The same absolute law can be interpreted differently by different benches of judges, which isn’t always a positive thing. Unlike in the U.S.A., where the Supreme Court sits as an entire bench for all cases that come to it, the Indian Judiciary assigns different benches to each case. The assignment of judges can be backed by political activity. This proves the porousness of the law.
The relationship between law and desire is another question that demands discourse. If they have been relegated to different spheres of life, i.e. the public for the law and private for desire, it’s important to look at the interaction between them. Dr Menon poses the question, “Is the relationship between the two only and always antagonistic, which is to say that law is always trying to control desire? Or is the law also enabling when it comes to questions of gender, sexuality and desire?”
The movie The Great Indian Kitchen portrays mundane characters, every day and present. Their portrayal is kind, polite and wholehearted. It attempts to portray a universal story of a heterosexual couple by not attaching any name to the characters.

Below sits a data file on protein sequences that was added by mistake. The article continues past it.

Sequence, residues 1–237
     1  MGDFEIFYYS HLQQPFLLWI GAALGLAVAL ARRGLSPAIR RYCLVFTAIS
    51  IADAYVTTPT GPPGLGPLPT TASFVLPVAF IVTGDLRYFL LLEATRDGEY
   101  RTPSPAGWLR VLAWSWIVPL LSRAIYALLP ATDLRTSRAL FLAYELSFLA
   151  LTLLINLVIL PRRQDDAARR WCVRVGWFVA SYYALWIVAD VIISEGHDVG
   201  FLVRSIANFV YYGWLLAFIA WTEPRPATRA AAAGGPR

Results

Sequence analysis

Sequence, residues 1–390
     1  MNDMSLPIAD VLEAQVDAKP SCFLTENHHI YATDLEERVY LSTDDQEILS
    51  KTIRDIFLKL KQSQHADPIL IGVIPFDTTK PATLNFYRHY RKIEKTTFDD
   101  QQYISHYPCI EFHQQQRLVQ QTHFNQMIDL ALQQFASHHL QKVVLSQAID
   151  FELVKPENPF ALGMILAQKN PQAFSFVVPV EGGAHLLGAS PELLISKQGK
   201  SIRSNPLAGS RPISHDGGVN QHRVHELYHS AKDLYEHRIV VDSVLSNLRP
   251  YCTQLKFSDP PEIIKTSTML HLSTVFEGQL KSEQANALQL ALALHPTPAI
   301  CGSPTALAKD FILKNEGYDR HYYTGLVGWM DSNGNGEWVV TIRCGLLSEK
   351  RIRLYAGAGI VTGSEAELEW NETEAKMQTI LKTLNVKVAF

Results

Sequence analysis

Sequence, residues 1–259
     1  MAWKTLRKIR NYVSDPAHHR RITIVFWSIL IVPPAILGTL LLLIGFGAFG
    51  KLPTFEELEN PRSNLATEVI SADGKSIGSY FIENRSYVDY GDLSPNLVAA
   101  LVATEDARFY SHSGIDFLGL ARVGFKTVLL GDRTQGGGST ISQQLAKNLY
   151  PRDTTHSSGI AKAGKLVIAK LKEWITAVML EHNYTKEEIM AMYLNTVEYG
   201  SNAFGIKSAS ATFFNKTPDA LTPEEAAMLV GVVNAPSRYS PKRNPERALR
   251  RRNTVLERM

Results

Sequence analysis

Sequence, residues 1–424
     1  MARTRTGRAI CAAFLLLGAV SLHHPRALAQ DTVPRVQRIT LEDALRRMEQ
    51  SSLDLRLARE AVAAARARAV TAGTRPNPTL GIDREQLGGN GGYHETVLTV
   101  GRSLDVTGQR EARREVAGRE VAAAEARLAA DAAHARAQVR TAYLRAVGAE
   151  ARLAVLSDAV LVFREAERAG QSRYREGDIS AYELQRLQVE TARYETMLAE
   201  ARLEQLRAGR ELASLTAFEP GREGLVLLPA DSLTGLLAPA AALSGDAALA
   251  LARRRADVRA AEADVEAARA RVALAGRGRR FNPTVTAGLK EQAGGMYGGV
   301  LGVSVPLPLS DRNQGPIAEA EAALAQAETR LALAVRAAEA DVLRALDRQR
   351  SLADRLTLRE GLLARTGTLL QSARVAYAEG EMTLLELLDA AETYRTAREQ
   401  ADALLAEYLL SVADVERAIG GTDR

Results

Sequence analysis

The universal portrayal shows the everydayness of patriarchy. The movie shows the hideousness and violence due to patriarchy present in every individual’s life. It makes the audience uncomfortable because it drives home the embeddedness of patriarchy through seemingly nice and polite characters.
The movie was rejected by major streaming websites like Netflix and Amazon. Produced in Malayalam, it is available on Neestream. It portrays two kinds of laws and their intersection law: social law and law, which is the embodiment of the state’s judicial power.
Family is considered to be a fundamental unit of society and a certain idea of marriage anchors it. This idea of marriage is heterosexual and tends to have its roots in a patriarchal structure. Though the state’s laws govern it, it is also given in society that marriage is a necessary ritual.